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#1 24-12-2019 11:06:20

johnedward
Admin & Trader
From: Paris - France
Registered: 21-12-2009
Posts: 3068
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Are turbo certificates the solution to CFD restrictions?

Are turbo certificates the solution to CFD restrictions?


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With leverage restrictions now permanent for contracts for differences (CFDs) across Europe, and with other nations seeking to do the same, could a different investment product replace CFDs? Such as turbos certificates?

Turbo certificates, which are not covered by the ESMA rules, are similar to CFDs but have a few differentiating features.

Turbos and CFDs: the main differences

Both turbo certificates and CFDs are traded using leverage and, with the exception of CFDs on futures, they don't expire. However, certificates are structured products whose upward return is a derivative of the underlying security which offers a guaranteed return.

Turbos certificates allow traders to profit from market fluctuations with leverage, they have a built-in stop loss, and positions are closed automatically when a predetermined price level is reached. For example, a long turbo certificate allows you to profit from higher prices, while a short turbo certificate enables you to profit from dropping prices.

CFDs are closer to futures and traders risk unlimited losses when prices move in the wrong direction; turbo certificates are closer to options where the loss is effectively limited to the premium that has been paid.

As Mazhar Manzoor, Director of Risks, Regulation and Financial Crime at ESMA Compliance Consultants, says, turbo certificates have the following characteristics:

Arrow They are considered to be transferable according to Article 4 (1), point 44 (c) of the MiFID;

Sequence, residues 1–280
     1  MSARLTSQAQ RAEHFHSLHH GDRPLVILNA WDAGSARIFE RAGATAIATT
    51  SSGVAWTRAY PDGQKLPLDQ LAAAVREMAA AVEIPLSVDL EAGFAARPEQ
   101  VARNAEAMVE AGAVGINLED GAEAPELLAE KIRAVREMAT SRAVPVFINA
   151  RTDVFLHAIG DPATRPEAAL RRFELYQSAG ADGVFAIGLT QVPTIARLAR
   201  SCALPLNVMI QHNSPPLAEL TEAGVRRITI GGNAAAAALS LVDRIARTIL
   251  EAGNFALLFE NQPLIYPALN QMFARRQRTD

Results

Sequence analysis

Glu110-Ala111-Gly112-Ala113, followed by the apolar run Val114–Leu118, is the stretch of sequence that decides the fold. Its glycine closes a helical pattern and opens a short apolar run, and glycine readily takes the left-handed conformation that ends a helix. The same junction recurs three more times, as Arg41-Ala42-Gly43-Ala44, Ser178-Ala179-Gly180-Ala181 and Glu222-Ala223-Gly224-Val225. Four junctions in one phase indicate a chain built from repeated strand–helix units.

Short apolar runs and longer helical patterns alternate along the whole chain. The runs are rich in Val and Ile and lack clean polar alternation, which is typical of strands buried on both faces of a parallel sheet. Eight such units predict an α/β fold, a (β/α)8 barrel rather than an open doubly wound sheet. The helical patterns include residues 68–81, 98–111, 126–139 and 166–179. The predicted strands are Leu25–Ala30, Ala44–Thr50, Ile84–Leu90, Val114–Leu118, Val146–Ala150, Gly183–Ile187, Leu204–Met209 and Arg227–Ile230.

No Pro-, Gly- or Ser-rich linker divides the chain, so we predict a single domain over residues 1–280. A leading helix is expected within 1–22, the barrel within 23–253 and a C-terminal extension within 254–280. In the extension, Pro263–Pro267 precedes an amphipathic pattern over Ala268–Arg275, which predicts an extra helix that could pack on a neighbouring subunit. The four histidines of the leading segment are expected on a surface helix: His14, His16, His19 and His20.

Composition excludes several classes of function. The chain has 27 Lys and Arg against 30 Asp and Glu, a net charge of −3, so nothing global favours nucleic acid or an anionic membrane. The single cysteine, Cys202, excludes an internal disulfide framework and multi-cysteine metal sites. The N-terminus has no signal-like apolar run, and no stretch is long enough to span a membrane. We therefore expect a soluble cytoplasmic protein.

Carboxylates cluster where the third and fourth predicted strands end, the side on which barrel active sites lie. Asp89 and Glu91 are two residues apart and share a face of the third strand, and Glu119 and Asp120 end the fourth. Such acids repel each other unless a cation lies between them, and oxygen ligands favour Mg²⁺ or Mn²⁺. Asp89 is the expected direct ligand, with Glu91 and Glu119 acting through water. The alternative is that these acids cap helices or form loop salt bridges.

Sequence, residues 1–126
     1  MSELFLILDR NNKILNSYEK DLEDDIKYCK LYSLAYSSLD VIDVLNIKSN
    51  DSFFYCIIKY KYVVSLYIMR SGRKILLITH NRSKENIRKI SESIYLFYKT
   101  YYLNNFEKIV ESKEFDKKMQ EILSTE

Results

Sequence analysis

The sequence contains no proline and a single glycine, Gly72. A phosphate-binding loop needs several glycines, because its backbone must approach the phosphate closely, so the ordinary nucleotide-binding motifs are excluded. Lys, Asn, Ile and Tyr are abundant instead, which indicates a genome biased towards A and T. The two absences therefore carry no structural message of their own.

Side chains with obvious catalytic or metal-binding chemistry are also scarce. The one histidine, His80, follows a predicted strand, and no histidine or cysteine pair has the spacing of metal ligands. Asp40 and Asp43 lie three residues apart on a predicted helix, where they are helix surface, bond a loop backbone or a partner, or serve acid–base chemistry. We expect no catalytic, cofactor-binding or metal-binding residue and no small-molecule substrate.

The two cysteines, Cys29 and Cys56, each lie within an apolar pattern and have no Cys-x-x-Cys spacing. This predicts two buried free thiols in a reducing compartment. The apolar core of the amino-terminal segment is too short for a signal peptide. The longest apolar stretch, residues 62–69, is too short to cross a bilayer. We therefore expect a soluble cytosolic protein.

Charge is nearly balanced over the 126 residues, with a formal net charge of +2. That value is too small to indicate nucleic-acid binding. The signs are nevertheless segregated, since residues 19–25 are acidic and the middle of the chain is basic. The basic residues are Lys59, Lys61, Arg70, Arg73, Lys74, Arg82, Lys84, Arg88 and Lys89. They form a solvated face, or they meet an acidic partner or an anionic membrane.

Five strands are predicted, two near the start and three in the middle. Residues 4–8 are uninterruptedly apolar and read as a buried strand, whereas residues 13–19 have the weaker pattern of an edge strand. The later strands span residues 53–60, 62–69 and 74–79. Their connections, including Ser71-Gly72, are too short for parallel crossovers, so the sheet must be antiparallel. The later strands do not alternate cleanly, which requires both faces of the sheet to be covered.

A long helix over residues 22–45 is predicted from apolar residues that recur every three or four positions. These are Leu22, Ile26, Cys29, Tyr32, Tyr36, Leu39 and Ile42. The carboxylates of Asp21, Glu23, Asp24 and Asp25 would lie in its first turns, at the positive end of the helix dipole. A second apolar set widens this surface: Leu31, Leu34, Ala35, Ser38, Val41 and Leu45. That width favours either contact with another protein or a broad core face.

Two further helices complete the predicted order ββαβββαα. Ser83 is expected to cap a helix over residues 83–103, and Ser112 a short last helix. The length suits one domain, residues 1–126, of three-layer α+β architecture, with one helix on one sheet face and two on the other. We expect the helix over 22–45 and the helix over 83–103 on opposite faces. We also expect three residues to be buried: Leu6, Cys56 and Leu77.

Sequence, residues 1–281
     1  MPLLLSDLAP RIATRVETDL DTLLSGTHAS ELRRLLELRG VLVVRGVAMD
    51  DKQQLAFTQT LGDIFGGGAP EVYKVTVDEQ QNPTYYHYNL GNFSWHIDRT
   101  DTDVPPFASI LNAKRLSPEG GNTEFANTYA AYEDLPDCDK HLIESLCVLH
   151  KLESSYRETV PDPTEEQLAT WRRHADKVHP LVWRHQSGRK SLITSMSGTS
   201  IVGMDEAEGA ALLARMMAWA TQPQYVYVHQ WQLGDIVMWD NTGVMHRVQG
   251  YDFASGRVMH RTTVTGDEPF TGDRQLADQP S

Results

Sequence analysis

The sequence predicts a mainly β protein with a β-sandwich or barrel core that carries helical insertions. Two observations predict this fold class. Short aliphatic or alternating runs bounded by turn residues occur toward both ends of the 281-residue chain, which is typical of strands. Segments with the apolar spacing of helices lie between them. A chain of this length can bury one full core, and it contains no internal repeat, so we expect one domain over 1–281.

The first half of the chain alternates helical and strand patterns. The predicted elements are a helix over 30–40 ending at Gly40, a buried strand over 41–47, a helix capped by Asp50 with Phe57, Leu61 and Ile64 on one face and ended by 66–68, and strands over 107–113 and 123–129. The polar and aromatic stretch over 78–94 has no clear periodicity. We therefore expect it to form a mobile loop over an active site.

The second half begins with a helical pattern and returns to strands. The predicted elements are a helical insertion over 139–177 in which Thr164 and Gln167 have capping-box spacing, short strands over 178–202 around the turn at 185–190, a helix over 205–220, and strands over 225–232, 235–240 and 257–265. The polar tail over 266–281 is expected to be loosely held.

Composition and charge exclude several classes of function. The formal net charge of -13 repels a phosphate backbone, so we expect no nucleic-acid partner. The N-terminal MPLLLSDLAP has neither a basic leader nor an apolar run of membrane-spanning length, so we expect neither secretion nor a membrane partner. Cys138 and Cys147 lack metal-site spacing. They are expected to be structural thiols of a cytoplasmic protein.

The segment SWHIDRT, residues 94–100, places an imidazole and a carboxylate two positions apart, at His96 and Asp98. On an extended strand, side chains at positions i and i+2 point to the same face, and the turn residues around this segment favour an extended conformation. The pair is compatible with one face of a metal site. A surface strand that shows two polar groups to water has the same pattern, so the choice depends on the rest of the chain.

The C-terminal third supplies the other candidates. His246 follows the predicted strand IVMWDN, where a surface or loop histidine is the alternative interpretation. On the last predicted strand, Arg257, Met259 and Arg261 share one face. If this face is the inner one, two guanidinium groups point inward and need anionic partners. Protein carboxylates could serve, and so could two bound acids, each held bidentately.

Arrow They are generally listed and traded on a regulated market or a multilateral trading facility (MTF), which includes additional transparency requirements;
Arrow They are not margin products, which means that traders must pay transaction fees to conclude the contract;
Arrow They have no contingent liabilities for individual traders, that is to say that after the purchase of the security, they cannot be held responsible for an additional payment when the transaction ends or the position is closed (other than commissions or transaction fees);

Regulators are monitoring turbocharged certificates

In some EU countries, such as Germany, Belgium and Austria, certificates are long-established products and constitute a basic offer from banks. However, brokers who traditionally offered forex and CFDs, are increasingly entering this space.

The shift has caught the attention of regulators. However, for the time being, they remain outside the scope of the EU's restrictions on leverage.

The FCA has raised concerns about the increase in the number of CFD-like products that are offered to retail traders with higher leverage. Specifically, the regulator believes that products with similarities to CFDs could still cause significant losses.

Commenting the rise in turbocharged certificates, the British regulator says: "This is why we will work with ESMA and other regulators to monitor and evaluate the sale of these alternative and speculative products to traders. If we have evidence that these products cause similar damage, we will work with ESMA and, if necessary, support other actions aimed at widening the scope of intervention."

Are certificates the answer to CFD restrictions?

Although turbo certificates have some similarities to CFDs, they are not the same. From a broker's point of view, CFDs are easier to present and sell to traders because they are easier to understand. In addition, the income brokers can earn from certificates is limited compared to what they can get from CFDs, even with restrictions on leverage.

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